Although he’s only 33-years-old, Gegard Mousasi is considering retirement after accumulating multiple world titles and beating some of the best names in the business.
That may come as a disappointment to some fans, especially after his career-defining championship performance last month, when he outclassed and TKO’d welterweight champ Rory MacDonald in the Bellator 206 main event.
It hasn’t all been smooth sailings, however, as ‘The Dreamcatcher’ feared the worst after his grueling Bellator debut against Alexander Shlemenko in 2017.
Bloodied but not beaten, Mousasi walked away with the unanimous decision win but almost lost his eye in the process. The multi-promotion champion and former UFC middleweight contender told Luke Thomas all the gory details and admitted that he is concerned about his long-term health.
“People didn’t see what happened after [the Shlemenko] fight,” Mousasi said on a recent edition of The MMA Hour, per MMA Fighting’s Jose Youngs. “I was in a hospital. I couldn’t move and I didn’t know if I lose my eye or not. People didn’t see those parts. I didn’t know [if I lost my eye] because the doctors were talking. My eye was shut. They didn’t know what was wrong with my eye. So for a long time I was in the dark. So we didn’t know. Thank god it was no serious injury to the eye. But yeah, I can’t fight like that. I want to make money but I want to end up healthy. I don’t want to be a retard after three [fights].
“Normally I don’t take any damage,” he continued. “But, like I said, if you fight 100 times, eventually you’re going to see a punch that you’re not going to see or it’s going to land in the wrong place. That’s what happened. [Shlemenko] got me in the first minute and s—t happens.”
With just three fights left on his Bellator contract, the reigning middleweight champion is thinking about hanging up the gloves in the near-future. With that said, Mousasi could be tempted to continue defending his title if he avoids taking any significant damage in his next three bouts.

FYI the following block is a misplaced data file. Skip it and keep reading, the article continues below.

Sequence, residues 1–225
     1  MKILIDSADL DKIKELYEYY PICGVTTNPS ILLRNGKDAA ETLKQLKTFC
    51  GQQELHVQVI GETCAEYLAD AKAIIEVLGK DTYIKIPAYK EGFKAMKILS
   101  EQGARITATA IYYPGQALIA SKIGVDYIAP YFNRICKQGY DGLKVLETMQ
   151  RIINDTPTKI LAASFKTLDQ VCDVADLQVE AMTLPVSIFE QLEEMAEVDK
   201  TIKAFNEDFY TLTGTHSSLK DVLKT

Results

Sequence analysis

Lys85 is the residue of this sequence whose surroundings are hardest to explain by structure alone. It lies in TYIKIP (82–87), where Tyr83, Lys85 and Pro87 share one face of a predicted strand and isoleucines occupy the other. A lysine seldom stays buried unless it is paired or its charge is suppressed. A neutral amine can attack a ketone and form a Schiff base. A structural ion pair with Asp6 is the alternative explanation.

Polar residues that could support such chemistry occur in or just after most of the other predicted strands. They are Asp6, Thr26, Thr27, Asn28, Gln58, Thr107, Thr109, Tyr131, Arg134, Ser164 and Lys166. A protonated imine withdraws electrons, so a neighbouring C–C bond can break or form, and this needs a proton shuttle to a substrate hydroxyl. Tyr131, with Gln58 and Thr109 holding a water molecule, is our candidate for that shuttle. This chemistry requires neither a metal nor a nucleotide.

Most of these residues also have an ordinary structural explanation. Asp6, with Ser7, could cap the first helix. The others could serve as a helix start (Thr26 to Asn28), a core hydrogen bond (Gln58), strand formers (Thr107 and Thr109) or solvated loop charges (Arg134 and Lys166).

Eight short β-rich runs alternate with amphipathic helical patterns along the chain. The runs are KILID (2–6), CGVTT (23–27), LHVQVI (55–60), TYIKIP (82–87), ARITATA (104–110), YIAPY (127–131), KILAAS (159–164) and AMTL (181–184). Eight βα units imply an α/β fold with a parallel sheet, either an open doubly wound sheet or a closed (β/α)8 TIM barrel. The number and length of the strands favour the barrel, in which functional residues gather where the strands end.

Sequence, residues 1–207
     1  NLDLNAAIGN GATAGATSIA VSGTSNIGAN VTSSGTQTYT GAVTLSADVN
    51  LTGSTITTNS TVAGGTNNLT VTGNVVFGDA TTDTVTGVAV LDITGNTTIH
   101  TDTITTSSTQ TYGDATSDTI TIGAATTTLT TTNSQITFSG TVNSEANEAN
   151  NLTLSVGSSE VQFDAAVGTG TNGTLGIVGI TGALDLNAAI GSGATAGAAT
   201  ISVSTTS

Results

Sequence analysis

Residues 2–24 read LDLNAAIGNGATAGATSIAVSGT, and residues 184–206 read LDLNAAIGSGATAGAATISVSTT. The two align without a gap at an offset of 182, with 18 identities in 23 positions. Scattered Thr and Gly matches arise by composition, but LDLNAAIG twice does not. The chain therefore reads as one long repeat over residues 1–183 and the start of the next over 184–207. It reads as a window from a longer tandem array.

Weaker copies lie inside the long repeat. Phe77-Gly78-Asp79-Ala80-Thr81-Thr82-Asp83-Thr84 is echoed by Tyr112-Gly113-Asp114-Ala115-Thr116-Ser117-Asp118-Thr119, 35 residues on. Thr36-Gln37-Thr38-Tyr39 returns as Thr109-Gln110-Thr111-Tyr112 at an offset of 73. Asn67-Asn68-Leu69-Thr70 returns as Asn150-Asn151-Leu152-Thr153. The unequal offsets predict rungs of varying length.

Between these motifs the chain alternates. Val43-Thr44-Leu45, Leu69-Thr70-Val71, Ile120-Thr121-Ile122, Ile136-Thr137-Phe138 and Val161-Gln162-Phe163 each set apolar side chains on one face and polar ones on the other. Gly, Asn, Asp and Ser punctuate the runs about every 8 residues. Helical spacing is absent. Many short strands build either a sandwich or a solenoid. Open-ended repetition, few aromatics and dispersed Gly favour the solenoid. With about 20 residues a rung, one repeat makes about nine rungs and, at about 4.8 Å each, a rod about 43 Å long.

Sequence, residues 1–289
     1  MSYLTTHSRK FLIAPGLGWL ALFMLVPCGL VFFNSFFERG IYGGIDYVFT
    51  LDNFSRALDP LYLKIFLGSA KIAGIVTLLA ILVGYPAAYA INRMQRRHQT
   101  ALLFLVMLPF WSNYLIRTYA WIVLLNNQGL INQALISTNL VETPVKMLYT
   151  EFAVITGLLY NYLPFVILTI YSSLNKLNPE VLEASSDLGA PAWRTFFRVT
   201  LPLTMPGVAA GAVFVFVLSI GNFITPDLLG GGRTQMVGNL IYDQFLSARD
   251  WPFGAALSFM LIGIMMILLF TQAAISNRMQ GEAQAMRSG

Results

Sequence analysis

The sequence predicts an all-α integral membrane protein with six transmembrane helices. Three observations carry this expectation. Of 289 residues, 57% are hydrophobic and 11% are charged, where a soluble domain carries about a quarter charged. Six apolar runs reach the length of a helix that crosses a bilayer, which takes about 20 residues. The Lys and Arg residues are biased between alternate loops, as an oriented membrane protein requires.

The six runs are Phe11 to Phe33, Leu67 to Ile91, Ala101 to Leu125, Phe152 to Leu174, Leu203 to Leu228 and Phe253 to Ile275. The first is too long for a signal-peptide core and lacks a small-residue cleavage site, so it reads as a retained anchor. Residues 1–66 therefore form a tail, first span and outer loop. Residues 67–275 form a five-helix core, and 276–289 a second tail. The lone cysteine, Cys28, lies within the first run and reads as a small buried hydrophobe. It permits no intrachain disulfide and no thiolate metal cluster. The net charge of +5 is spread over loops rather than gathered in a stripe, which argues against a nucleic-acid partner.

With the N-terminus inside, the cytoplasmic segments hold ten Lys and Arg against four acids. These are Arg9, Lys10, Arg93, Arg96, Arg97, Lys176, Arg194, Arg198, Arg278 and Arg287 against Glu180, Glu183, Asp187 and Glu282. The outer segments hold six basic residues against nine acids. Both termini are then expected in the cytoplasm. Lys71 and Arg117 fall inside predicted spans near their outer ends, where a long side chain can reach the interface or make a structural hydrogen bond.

“If I have wins like [at Bellator 206] and I don’t take damage and I’m just winning without any damage without any injury, of course I could go another three fights,” said Mousasi. “But to be honest I’m looking to see how the next three fights will go and then to be honest, I’ll quit, yeah.”
If he does retire, Mousasi will be remembered as one of the greatest middleweights of all-time. The Iranian-born fighter holds wins over the likes of Dan Henderson, Chris Weidman, Vitor Belfort and even former UFC heavyweight title challenger Mark Hunt. Unlike most fighters, however, Mousasi doesn’t care about legacy – he just wanted to win fights and make money.
“I really don’t care,” Mousasi said about his legacy. “My goal was never to be the best. I always wanted to make my money, and, of course, I always wanted to win my fight. Because if you keep winning, people got to say ‘yeah, he is the best middleweight.’ But to be honest I don’t care.”
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